• Charity Commission Issues Its First Official Warning to National Hereditary Breast Cancer Helpline
  • August 9, 2017
  • On 3 July 2017, the Charity Commission (the 'Commission') published its case report on the National Hereditary Breast Cancer Helpline (the 'Charity') further to its decision to issue an official warning to the Charity on 25 April 2017. The power to issue official warnings was introduced by the Charities (Protection and Social Investment) Act 2016 and came into force on 1 November last year, and this is the first time that the Commission has used this power. The Commission determined that an official warning was appropriate because the trustees committed a breach of trust or duty or have engaged in misconduct/ mismanagement in the administration of the Charity by:

    • making unauthorised payments to a connected person;
    • entering into an informal loan agreement with a connected person;
    • improperly delegating the administration and management of the charity;
    • failing to keep proper minutes and other records of decision making; and
    • failing to properly implement and manage financial controls.

    The Charity was randomly selected from a group of 94 charities whose accounts signalled that they may be in financial difficulty, as they included an 'emphasis of matter in relation to going concern'* relating to their financial position.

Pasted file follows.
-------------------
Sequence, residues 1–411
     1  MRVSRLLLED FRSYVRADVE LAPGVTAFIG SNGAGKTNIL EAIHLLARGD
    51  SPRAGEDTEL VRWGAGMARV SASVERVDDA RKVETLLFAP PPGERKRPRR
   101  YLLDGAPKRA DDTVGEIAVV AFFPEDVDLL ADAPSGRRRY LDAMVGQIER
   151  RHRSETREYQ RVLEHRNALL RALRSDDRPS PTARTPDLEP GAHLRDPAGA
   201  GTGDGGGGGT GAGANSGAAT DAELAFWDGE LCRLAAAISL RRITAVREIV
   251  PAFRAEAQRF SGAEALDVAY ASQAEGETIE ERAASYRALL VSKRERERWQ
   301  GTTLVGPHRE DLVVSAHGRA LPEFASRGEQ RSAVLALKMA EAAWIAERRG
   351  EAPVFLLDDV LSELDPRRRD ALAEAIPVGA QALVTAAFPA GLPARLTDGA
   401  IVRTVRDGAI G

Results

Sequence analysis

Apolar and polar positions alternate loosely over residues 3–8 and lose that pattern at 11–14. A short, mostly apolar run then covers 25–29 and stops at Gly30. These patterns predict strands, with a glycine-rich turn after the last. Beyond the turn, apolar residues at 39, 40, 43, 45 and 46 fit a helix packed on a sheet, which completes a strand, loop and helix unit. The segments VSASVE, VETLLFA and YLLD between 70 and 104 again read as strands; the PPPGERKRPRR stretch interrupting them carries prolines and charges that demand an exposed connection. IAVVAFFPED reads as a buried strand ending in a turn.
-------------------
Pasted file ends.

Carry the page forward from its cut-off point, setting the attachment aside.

The Commission carried out a detailed study of the Charity's latest accounts and identified a number of concerns relating to the management of the Charity's finances. It then contacted the Charity to engage in further discussions and made two separate compliance visits to meet with the trustees and examine the Charity's records.

    The Commission initially found that the Charity's assets had been exposed to undue risk because of a lack of financial controls and because the Charity's financial model was unsustainable (several of its shops were running at a loss and the Charity was heavily reliant on loans). Further, the Commission found that the Charity had made unauthorised payments to the chair of trustees. These payments were made for running the Charity's operations on a daily basis, and the trustee in receipt of the payment, was the only authorised signatory on the Charity's bank account and was therefore authorising payments to herself.

    Additionally, the Commission found that the trustees were not meeting regularly to make collective decisions about how the Charity should be run to further its objects. Rather, the chair made decisions following discussions with individual trustees, and no records were kept of these discussions. Additionally, the Charity had received interest-free loans from a trustee for which no formal agreement or repayment plan was in place. The Commission therefore concluded that the trustees were failing to comply with their responsibility to manage and administer the Charity.